Manihi - The Lagoon Day Out

Zipadedoda of Dart
David H Kerr
Mon 21 Apr 2008 04:33

As promised, albeit somewhat late. (Been so busy relaxing, and having fun)! Herewith the blog on our Lagoon day.



Fernand had been hired to take a group of us in one of his boats to an area in the north east of the Atoll where his family own a large Motu and where they grow Coconuts and Neno Fruits. (Used for making anti-cancer drugs by the Mormon Church).  This was about a 40 minute ride in this ridiculously fast boat, with a 275 HP outboard engine that consumed 43 litres of petrol and hour!


We stopped off at a couple of beautiful bays along the way to have a swim to cool down. The water was a stunning colour, and was teaming with fish, and sharks. Mostly white tip reef sharks and some black tips, but all quite small in the 400mm to 1.5 metre range.


We then descended on the beach where Fernand's daughter and wife had arrived earlier to prepare the food.



We then set about collecting coconuts. Some were pulled down out of the trees, using a very long pole with a sharpened hook on it. Others were older, already on the ground and these had begun to germinate.


Before this trip I had no idea how many uses there are for coconuts. The fresh coconuts were opened so that we could drink the warm but soothing and cooling coconut milk. This was made particularly interesting because some of the Ralliers had brought some rum with them. So the trick was to open the coconut. Drink a little of the milk. Fill up the removed milk content with rum. The swirl it around before inserting a straw and drinking the contents. I am told this is the ultimate Pena Colada!!


Next the shell is cracked open and the flesh eaten. Some of this was taken away by the girls to be shredded and added to the food preparation.


The coconuts that have been on the ground for a while had germinated and as you can see from the picture above had started to grow. The flesh tasted totally different in these. Also they had coconut oil in them, which is superb for protecting your skin from the relentless sun.


The dried husks were then used as the fuel for the barbeque fire.


Bradley from Hakuna Matata, Paul from Anahi and I joined Fernand to go spear gun fishing for the fish for the Barbeque. We motored out to a coral reef about half a mile off the beach and tied off to the coral head. After some discussion it was agreed that only Fernand would use the spear guns. So he dove down to around 20 feet and POW, fired the spear gun and got a Rock grouper first shot. The spear is attached to the gun by a line, and so the fish was reeled in and then taken back to the boat. The processes is then repeated. Fernand fired seven times and got six fish. Very skilled guy, who made it look soooo easy. Mind you we did have an interesting moment when we were joined by a 2.5 meter Lemon Shark. At that point we all retreated back to the boat and waited until he lost interest and disappeared. THAT is why each fish caught is returned to the boat. That way it minimises the blood in the water and so reduces the risk of a shark attack. Our catch of Grouper, Unicorn fish, a Bass and a Parrot fish were then taken back to the cooks for the barbeque.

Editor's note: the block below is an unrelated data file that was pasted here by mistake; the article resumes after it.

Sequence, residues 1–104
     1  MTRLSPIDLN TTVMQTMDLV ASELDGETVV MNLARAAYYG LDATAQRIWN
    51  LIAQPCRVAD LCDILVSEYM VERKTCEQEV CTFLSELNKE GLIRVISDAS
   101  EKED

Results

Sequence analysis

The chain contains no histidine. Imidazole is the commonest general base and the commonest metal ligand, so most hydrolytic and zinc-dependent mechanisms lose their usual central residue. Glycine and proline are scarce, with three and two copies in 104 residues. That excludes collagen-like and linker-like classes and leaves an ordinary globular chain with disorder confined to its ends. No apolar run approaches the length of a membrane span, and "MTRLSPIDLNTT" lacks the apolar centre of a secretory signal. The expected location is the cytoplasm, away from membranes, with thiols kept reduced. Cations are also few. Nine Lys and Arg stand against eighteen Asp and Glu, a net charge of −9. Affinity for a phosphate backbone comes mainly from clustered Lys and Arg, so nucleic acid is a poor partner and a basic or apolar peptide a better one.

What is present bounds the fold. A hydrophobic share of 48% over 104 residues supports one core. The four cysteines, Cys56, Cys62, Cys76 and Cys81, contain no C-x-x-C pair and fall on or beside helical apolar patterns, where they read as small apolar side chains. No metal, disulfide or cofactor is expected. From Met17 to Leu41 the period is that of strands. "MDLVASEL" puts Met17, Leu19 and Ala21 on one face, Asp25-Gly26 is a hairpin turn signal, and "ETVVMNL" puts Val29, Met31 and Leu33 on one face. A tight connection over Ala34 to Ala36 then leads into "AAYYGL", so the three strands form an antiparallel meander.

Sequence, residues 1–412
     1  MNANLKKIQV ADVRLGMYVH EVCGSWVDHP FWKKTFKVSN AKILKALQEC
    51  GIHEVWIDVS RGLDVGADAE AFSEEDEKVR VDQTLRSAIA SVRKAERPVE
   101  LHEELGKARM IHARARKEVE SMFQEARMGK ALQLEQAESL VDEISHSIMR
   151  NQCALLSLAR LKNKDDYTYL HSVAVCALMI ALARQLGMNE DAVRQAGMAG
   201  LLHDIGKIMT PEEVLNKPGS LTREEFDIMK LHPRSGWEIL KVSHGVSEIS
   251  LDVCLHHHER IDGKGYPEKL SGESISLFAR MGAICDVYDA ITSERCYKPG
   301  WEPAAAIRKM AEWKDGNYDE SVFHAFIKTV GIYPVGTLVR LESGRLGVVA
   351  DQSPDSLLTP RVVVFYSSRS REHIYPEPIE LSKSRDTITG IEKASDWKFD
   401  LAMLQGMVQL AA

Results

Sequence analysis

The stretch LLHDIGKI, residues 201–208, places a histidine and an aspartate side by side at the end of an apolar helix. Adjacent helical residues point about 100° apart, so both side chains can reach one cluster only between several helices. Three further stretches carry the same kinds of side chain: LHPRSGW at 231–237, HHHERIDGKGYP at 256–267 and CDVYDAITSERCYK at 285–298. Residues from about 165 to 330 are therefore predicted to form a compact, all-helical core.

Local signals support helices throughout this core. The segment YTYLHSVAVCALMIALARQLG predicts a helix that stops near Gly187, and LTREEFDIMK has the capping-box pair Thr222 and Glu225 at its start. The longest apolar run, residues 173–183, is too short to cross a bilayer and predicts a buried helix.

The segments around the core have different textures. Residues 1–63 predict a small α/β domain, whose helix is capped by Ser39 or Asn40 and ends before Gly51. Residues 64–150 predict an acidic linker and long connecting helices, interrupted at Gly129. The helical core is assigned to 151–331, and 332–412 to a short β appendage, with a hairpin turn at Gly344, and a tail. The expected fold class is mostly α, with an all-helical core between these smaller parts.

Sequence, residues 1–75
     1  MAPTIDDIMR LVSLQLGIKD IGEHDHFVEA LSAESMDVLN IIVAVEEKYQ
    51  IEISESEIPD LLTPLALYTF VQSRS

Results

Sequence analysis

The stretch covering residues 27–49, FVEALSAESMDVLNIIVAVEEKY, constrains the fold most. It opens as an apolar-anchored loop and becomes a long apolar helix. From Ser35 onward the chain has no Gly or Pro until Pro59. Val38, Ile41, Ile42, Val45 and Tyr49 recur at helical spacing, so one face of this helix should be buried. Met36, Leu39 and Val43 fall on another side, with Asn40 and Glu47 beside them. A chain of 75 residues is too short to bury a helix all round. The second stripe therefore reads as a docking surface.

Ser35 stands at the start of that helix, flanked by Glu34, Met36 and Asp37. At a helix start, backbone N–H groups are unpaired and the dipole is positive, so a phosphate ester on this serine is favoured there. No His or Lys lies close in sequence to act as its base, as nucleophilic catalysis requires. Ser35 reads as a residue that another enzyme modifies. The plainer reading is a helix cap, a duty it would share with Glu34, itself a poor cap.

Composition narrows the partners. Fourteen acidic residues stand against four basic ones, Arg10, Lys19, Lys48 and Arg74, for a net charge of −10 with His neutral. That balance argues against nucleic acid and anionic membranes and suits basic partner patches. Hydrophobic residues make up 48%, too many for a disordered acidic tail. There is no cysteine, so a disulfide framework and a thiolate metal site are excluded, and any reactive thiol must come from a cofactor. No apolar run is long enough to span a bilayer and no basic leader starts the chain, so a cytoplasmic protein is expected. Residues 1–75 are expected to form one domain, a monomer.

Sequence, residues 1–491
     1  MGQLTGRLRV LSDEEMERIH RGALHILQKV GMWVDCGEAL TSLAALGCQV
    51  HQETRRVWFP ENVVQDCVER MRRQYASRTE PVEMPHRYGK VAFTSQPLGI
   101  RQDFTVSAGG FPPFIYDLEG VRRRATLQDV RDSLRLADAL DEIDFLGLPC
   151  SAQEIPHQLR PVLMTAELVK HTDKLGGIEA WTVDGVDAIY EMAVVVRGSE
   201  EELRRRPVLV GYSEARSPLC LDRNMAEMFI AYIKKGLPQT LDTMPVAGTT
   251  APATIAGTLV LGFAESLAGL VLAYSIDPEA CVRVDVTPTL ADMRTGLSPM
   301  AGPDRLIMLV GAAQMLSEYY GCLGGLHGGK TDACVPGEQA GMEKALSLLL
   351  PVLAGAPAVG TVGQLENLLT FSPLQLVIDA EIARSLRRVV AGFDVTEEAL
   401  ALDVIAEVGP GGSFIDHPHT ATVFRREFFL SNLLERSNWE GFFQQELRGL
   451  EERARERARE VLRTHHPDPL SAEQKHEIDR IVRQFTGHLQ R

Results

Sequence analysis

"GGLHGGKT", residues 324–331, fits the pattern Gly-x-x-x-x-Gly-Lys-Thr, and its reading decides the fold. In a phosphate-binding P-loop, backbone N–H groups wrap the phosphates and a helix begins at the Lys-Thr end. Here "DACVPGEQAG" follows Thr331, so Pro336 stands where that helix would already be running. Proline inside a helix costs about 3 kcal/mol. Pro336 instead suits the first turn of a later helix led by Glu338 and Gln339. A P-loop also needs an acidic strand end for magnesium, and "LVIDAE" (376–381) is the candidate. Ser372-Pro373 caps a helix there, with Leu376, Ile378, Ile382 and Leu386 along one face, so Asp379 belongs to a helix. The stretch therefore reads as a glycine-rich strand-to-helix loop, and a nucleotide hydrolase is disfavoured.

Whilst all of the above had been going on, Fernand's daughter had been making fresh plates…………………



This is another use of the coconut tree.  


The same techniques were used to make all of the girls straw hats. No pictures this time as the camera battery went flat at this point!


The food was as fresh as it gets and tasted divine off the fresh plates.


The wildlife in the water was many and varied. As already mentioned loads of sharks,.loads more fish and one solitary Octopus.



I saw it at the waters edge, and as is the case with these fascinating creatures, she was the colour of the sand, as she approached the boat she took on the colour of the boat. I then grabbed one of the tentacles, and the Octopus fired a jet of back ink as a defensive mechanism. Fernand’s brother Ricky hauled up the Octopus and let it wrap itself around his arm. We had a devil of a job extricating him!!


All the while our fellow Ralliers and ourselves had been dipping into the water, snorkelling  swimming and frolicking about. Then once we had finished eating, all the left over’s were thrown into the water for the waiting sharks, trigger fish and other water borne vultures. Two large Lemon sharks came right up to the waters edge at this point. Then Ricky threw himself into the water, cigarette clamped between his teeth and grabbed the tail of one of these 2 metre  plus Lemon Sharks. All hell broke loose for a few seconds, then Ricky stood up in the shallows, laughing his head off, and the sharks all scarpered. The only damage done was to the cigarette, which by now was extinguished and rather soggy………


As the sun was setting we headed back to the anchorage, absolutely satiated with such a unique and overwhelming experience.


The next day it was to be the Black Pearl Farms and Sailmail Base station……………………….